Reaching out to prospective customers to set appointments can be a rather arduous task for some businesses. Depending on which industry you operate in and the markets that you target, the challenges that you face when attempting to organise sales appointments will differ from other companies, however, there are challenges that all companies have in common when appointment setting.
This article delves into these challenges, the impact that they can have, and how you can plan your strategy to overcome these appointment setting challenges.
High-level decision-makers are busy people, and they often don’t have the time (or patience) to take every marketing or sales call that comes through.
Depending on which day of the week that you are calling on, and the time of day that you are calling, you could see a big difference in how decision-makers you are reaching and have a full conversations with.
According to a study conducted by CallHippo in 2017, Wednesdays and Thursdays are the best times of the week to call a prospect, and Friday is the worst day of the week to call prospects.
The results of this study aren’t particularly surprising and can be explained quite simply.
On Mondays, especially in the morning, decision-makers are getting back into work mode, and are likely planning out their week and replying to emails that have come in over the weekend.
Halfway through the week, on Wednesdays and Thursdays, the prospect has likely cleared some of their heavy workload and your call won’t be as much of an interruption to their day.
Of course on Fridays, particularly in the afternoon, businesses are winding down for the week and decision-makers won’t be wanting to get stuck on a call with a telemarketer.
If you are dedicating a couple of days a week to your appointment setting strategy, make sure you are going for the days that will give you the best contact rate to maximise your appointment opportunities.
Getting Past the Gatekeeper
Gatekeepers are a hurdle that every salesperson or telemarketer has to overcome daily, and some are easier to get past than others.
It’s important to make a good first impression when talking to a decision-maker, and this goes the same for the gatekeeper too. If you get through to a gatekeeper and come across as pushy or rude, it could result in a swift end to the call and make reaching the decision-maker on further calls more difficult.
It’s important to remember that if a gatekeeper is asking you questions about who you are, what company you are calling from, and the reason for your call, they are simply doing their job, so being impolite or rude isn’t the answer and could damage your professional reputation.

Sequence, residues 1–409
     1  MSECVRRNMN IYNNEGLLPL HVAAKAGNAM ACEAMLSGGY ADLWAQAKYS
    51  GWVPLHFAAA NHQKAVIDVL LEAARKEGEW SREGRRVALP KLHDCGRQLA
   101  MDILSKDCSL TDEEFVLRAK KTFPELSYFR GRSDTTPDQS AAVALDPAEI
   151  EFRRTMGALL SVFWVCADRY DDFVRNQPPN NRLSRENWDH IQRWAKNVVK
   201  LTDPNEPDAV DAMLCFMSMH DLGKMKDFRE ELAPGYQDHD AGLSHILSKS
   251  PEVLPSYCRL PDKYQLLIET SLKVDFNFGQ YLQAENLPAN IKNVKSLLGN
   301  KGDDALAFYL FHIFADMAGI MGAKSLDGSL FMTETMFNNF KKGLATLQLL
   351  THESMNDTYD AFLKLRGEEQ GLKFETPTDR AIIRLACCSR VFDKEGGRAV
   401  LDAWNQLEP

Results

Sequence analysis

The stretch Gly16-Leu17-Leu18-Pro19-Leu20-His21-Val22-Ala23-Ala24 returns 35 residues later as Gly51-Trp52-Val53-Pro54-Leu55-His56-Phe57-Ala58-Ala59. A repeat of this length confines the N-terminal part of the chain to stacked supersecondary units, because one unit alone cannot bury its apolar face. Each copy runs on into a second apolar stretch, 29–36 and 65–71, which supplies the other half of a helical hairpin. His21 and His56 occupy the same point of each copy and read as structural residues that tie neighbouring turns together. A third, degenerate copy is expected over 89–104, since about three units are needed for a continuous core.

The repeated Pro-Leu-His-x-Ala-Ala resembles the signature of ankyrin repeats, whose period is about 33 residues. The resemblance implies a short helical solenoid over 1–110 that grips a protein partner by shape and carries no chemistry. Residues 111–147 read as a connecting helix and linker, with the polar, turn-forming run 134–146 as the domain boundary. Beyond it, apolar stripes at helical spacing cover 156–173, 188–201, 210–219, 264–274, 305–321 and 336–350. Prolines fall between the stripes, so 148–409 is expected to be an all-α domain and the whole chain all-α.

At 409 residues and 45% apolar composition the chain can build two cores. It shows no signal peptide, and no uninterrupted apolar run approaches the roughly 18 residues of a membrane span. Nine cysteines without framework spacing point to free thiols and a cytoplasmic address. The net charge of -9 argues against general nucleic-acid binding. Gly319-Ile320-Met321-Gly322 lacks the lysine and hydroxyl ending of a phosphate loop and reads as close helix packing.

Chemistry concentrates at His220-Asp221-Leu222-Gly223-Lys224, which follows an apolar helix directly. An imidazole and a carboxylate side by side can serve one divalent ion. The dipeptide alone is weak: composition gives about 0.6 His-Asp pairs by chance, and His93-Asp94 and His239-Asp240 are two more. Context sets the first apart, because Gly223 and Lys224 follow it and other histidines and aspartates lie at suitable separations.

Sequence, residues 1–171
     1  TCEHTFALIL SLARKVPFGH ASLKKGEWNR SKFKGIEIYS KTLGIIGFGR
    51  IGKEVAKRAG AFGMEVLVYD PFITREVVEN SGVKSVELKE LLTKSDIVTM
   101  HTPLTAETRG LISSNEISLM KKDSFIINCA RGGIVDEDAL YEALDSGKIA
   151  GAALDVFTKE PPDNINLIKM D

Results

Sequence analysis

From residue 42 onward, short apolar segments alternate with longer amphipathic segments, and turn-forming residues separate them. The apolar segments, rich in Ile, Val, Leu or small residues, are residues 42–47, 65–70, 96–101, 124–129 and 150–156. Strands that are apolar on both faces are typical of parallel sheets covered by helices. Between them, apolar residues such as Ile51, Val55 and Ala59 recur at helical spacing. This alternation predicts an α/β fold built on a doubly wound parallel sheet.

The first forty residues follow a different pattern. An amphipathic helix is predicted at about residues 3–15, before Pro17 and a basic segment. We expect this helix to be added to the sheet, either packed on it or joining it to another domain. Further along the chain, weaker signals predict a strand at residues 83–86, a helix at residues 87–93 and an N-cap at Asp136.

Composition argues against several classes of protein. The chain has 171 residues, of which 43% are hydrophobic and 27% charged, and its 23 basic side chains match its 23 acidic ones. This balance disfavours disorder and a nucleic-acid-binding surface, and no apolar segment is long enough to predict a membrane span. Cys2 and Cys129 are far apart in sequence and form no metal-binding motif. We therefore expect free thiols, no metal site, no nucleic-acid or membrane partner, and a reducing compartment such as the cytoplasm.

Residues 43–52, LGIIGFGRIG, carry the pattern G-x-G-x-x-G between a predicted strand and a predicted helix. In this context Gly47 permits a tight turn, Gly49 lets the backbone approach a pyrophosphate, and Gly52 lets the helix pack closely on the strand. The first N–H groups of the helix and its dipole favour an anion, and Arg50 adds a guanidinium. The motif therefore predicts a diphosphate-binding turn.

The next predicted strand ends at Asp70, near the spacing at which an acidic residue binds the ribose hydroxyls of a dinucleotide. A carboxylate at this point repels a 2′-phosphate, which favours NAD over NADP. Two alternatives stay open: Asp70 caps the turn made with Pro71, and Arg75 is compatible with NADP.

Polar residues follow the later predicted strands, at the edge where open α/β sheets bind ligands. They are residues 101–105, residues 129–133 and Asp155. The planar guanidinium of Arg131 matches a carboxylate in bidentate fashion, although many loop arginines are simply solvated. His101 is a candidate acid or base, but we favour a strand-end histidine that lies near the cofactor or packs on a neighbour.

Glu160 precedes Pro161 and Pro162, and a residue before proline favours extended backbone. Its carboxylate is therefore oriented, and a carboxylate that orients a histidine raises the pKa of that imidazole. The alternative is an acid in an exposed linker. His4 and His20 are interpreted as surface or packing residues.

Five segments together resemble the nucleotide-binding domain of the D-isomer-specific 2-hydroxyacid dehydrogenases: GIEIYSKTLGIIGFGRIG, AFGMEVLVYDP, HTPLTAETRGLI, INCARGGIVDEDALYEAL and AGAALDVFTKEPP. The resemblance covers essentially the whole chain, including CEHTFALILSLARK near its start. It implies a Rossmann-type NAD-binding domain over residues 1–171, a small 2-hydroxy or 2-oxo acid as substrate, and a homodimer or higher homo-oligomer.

The best way to approach a gatekeeper is from a position of authority. This doesn’t mean being rude or aggressive, but it does mean being assertive, quick to the point, and giving as little information as possible.
See the example below of what to do and what not do when first reaching a gatekeeper. In the first conversation, the gatekeeper seems to have the authority, whereas, in the second conversation, the caller is assertive from the start.
Impressing the Decision-Maker
Getting through to the decision-maker is one thing, but impressing the decision-maker and generating genuine interest is another.
Decision-makers will receive dozens of sales calls each week, some of which could be from some of your competitors, so just delivering the same ‘salesy’ pitch as everyone else will get you nowhere.
When trying to impress a decision-maker, one of the biggest mistakes that some telemarketers make is talking too much about themselves and their company.
Sure, your personal and business achievements may be interesting, and mentioning experience in their industry is relevant, however, the decision-maker would be far more impressed with the way you interact with them, provide value to them, and actively listen and respond to their queries and concerns.
Doing your research into your prospects is also a great way to impress the decision-maker. Most telemarketers will pitch their offering and talk about how well it works for other companies and the results that they have seen. The decision-maker doesn’t want to know how it works for OTHER companies; they want to know how it will work for THEIR company.
Researching beforehand, you can tailor your pitch to talk about how your offering will benefit that prospect specifically, after considering their business type, the industries they operate in, the products and services that they offer, and the current climate of their industry/market.
All of this is going to be far more impressive to a high-level decision-maker, and help you to secure more quality appointments than a pushy, irrelevant, ‘me, me, me’ sort of pitch.
Missed or Cancelled Appointments
Once you have secured an appointment, the challenge is still not over; you now need to ensure that the appointment goes ahead without any delays or cancellations.